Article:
Topwater presentations are producing bass in shallow water on Round Lake, Horseshoe Lake, and Lake Minnewawa. Look for sunfish in 12 feet of water on Aitkin Lake and Minnewawa. Sucker minnows have provided consistent northern pike activity on most lakes, but walleye reports have been minimal. Fatheads and leeches have produced a few walleyes on the Big Sandy Flowage.
Crankbaits and plastics has provided the best smallmouth bass action on the Mississippi River. Work the weed edges of Lake Ida for a mixture of crappies, sunfish, largemouth bass, and northern pike. Lake Constance is kicking out sunfish in eight feet of water, and Big Lake continues to produce northern pike in the 10- to 12-foot weeds.
Look to the Skeleton Island area of Big Stone Lake for bluegills and perch in eight feet of water. The Odessa area of the Minnesota River continues to provide steady catfish action on crawlers. Across the border in South Dakota, trolling live bait along the six-foot weedlines of Bitter Lake has produced walleyes.
Long Lake started giving up a few walleyes this week on leeches and crawlers in 22 to 24 feet of water. Reports of scattered walleye action are coming from Big Sand Lake as well; fish 20 to 32 feet of water. Sucker minnows have been the ticket for northern pike on Fish Hook Lake in 16 feet of water. Bass continue to inhale plastic presentations throughout the area, while Eagle Lake is worth noting for bluegills in 14 feet of water.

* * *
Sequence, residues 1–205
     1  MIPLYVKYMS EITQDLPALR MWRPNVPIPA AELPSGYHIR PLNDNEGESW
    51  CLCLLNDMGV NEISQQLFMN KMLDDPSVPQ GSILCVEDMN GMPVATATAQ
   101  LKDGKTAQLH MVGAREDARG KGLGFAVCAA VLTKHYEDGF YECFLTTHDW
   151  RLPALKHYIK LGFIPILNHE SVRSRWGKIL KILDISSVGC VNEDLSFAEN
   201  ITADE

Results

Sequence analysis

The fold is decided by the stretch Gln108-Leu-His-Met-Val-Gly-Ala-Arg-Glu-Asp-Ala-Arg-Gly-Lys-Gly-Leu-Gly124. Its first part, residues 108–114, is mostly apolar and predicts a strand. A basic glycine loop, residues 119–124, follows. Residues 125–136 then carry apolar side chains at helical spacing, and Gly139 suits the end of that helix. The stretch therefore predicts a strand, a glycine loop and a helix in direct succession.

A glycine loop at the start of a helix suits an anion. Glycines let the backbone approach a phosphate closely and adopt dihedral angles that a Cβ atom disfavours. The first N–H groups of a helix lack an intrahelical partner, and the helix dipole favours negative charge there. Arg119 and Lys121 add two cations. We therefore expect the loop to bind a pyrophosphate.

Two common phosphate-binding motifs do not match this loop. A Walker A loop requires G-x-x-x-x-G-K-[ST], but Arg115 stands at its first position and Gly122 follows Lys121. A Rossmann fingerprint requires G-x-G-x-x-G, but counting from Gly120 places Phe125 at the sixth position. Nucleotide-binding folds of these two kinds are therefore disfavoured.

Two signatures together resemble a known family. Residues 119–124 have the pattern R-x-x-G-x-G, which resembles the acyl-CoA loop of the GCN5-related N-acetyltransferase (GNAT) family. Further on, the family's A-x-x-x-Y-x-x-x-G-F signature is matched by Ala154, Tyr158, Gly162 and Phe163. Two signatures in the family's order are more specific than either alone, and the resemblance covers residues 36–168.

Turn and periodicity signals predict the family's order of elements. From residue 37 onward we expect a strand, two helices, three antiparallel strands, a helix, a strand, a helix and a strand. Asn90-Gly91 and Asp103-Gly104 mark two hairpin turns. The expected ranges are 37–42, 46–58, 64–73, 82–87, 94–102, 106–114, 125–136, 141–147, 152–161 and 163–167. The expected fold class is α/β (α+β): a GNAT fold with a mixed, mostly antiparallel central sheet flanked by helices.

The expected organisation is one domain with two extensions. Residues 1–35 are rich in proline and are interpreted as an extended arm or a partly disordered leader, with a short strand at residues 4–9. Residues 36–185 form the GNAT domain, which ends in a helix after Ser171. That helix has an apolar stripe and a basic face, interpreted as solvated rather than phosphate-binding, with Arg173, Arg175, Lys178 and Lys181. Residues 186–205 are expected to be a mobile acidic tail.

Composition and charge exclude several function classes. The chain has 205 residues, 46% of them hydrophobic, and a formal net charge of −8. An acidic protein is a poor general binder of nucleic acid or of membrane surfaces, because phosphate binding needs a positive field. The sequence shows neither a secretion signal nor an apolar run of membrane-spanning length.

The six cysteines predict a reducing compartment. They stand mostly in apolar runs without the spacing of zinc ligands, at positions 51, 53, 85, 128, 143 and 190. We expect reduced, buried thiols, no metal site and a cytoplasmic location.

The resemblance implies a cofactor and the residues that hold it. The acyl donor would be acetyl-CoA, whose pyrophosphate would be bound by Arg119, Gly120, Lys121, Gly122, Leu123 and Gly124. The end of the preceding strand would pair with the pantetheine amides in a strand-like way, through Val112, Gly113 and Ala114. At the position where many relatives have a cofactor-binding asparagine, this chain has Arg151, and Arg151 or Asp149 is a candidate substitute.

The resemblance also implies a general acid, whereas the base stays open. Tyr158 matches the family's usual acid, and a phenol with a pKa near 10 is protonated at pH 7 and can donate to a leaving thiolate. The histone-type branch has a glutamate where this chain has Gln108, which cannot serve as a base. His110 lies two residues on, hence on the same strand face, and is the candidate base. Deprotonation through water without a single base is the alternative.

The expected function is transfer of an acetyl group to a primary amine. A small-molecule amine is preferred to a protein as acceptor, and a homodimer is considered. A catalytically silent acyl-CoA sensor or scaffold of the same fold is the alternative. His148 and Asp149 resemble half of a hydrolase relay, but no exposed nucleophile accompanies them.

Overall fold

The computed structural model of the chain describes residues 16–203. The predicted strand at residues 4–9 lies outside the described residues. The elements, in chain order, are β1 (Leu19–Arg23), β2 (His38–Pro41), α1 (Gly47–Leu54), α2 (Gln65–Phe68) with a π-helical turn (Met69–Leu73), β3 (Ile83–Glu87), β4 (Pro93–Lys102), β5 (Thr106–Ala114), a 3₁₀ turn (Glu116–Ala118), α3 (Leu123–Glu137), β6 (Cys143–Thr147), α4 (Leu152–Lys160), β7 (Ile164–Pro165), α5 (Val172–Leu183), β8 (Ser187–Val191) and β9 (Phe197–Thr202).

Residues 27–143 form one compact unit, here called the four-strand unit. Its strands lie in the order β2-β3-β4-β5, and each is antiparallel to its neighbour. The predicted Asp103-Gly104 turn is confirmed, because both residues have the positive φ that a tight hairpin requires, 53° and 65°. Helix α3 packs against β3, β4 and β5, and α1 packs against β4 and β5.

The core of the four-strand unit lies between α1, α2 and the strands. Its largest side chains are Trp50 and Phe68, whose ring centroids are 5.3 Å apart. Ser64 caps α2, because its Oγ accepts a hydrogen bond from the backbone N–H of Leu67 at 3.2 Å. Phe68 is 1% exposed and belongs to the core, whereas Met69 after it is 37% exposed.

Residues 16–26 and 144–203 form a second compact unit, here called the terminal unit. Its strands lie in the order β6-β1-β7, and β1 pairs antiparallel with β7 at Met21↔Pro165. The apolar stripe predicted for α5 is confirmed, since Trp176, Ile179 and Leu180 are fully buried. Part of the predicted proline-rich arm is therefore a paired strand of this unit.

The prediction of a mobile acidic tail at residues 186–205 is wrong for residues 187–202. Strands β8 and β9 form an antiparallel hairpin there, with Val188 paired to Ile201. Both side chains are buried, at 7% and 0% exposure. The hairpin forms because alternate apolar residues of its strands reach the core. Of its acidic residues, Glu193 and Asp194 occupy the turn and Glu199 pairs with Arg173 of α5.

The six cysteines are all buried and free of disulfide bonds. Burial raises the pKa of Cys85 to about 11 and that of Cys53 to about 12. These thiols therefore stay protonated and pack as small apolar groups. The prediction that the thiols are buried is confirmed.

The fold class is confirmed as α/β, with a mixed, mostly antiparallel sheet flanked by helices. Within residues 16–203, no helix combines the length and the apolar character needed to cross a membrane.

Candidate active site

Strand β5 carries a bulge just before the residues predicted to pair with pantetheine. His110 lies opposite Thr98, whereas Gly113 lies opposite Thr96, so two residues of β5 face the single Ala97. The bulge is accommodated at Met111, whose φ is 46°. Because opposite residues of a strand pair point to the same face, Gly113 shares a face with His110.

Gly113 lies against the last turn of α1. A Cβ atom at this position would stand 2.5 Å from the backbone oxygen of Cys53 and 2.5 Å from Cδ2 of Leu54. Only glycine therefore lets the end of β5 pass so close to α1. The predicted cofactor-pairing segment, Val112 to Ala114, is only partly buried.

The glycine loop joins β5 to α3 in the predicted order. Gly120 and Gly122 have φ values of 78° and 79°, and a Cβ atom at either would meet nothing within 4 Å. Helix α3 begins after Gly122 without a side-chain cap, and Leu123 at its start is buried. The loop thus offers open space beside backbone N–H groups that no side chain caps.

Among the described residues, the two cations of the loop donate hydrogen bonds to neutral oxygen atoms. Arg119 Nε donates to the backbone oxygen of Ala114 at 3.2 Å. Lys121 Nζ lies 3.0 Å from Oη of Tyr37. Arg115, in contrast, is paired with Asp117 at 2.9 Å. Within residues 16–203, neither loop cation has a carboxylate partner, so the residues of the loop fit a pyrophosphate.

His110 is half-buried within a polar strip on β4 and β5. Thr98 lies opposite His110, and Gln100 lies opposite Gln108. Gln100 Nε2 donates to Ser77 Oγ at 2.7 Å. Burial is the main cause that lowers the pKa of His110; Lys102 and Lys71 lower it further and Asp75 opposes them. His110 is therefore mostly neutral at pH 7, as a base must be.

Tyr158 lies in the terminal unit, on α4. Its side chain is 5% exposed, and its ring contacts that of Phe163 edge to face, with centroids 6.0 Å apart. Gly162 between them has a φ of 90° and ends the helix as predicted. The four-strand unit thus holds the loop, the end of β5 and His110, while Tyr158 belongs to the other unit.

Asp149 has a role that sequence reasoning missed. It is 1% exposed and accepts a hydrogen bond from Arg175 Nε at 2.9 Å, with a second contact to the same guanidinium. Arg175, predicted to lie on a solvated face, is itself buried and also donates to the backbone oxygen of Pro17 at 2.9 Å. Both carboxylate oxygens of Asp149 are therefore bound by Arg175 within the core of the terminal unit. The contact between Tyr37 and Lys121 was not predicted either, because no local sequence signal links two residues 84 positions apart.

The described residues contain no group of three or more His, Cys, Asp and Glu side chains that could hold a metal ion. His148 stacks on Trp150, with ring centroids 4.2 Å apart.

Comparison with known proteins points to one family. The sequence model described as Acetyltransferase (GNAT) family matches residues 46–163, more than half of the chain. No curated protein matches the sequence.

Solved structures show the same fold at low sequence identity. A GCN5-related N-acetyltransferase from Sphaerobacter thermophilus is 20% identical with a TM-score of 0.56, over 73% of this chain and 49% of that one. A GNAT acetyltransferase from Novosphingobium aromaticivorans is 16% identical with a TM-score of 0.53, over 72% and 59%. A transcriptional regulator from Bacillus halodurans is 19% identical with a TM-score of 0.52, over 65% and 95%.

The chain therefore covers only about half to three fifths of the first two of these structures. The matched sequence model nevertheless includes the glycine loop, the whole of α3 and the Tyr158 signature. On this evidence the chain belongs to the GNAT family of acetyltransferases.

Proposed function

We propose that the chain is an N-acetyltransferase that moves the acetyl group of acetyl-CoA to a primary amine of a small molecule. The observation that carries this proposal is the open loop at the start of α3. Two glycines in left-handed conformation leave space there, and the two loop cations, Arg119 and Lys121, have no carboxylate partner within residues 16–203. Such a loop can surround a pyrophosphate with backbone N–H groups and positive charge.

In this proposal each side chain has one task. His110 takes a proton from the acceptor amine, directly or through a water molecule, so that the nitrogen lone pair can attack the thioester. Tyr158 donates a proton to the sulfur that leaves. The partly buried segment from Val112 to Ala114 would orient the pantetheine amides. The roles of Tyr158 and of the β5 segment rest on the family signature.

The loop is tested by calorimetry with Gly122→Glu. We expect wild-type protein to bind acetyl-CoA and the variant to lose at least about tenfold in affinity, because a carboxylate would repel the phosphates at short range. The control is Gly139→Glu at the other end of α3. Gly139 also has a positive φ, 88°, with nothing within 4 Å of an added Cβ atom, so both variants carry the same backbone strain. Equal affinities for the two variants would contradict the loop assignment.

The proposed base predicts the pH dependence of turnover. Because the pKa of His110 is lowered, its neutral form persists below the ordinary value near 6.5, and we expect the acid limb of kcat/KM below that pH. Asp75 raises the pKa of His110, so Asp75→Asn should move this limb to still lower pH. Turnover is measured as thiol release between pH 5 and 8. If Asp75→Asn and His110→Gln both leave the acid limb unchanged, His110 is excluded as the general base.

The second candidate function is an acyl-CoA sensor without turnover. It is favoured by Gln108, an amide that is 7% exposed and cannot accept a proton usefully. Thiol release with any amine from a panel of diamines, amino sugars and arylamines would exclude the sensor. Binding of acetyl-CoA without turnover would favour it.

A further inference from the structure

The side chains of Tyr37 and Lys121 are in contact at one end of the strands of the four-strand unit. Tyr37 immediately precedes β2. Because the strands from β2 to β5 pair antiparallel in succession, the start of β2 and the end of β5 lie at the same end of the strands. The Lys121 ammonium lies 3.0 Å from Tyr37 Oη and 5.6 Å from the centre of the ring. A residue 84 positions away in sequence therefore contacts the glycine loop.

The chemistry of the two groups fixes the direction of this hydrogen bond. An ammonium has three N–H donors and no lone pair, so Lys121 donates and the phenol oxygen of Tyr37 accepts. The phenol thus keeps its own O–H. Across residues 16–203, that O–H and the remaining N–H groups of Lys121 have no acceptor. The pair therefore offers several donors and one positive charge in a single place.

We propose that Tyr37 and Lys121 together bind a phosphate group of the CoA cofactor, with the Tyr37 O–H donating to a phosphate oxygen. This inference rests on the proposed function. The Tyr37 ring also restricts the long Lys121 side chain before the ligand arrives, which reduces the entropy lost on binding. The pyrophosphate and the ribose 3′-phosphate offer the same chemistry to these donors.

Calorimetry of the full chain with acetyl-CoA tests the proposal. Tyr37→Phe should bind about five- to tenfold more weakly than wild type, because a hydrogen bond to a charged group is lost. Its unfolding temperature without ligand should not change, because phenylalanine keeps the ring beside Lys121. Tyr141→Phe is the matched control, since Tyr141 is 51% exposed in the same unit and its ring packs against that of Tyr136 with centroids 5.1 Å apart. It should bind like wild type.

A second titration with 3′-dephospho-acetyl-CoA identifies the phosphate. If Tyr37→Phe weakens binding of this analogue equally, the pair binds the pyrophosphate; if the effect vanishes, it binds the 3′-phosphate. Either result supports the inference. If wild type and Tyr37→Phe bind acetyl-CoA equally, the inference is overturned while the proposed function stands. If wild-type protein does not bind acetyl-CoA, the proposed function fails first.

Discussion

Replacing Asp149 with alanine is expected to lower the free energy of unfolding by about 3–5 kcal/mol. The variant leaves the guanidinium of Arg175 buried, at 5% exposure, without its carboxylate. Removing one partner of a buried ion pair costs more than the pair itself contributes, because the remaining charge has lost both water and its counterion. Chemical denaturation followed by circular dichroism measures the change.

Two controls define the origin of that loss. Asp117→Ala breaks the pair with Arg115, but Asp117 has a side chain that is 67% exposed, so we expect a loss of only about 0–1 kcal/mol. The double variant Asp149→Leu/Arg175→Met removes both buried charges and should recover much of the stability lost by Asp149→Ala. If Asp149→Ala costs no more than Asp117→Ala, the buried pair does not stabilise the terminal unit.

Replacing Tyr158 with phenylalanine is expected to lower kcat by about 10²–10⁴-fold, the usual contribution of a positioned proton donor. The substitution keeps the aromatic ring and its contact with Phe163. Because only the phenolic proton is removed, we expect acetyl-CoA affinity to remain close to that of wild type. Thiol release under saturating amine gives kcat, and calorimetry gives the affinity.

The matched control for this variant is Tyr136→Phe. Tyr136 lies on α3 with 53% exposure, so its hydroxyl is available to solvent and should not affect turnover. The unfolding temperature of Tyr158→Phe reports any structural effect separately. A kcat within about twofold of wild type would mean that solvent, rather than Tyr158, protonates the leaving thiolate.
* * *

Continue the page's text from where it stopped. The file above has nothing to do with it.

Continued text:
The main lake reefs started giving up a few more walleyes in 24 to 30 feet of water. There's still some evening and morning walleye activity in the Ranier area over 18 to 22 feet of water with live bait rigs and leeches. Work the Kettle Falls area or other moving water for walleyes as well. The rock-covered shorelines and shallow reefs are the best bets for smallmouth bass.
Grand Lake, Becker Lake, and Pearl Lake continue to produce sunfish in eight to 12 feet of water, but plan on sorting through numbers of small fish on each. Bass and northern pike are biting along the weed edges of most lakes, with Grand, Pearl, and Horseshoe Lake producing a few bigger fish. Horseshoe Lake also is the best bet for a few crappies in 10 feet of water. Look to Lake Koronis for smallmouths near the islands, while the Sauk River continues to produce numbers of channel catfish.